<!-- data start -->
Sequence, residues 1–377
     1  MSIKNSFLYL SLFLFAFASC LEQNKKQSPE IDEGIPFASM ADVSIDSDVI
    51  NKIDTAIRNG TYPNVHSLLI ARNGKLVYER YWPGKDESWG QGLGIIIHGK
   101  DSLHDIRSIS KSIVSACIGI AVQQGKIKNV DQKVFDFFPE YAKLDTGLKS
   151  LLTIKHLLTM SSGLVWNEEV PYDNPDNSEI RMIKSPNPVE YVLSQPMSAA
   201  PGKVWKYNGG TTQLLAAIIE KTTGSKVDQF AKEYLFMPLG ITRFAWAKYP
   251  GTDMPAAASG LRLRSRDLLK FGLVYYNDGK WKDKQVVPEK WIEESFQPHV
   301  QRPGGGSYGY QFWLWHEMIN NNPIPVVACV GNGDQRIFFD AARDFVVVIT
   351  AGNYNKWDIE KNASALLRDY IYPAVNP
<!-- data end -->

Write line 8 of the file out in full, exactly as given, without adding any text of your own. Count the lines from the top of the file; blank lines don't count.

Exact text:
   301  QRPGGGSYGY QFWLWHEMIN NNPIPVVACV GNGDQRIFFD AARDFVVVIT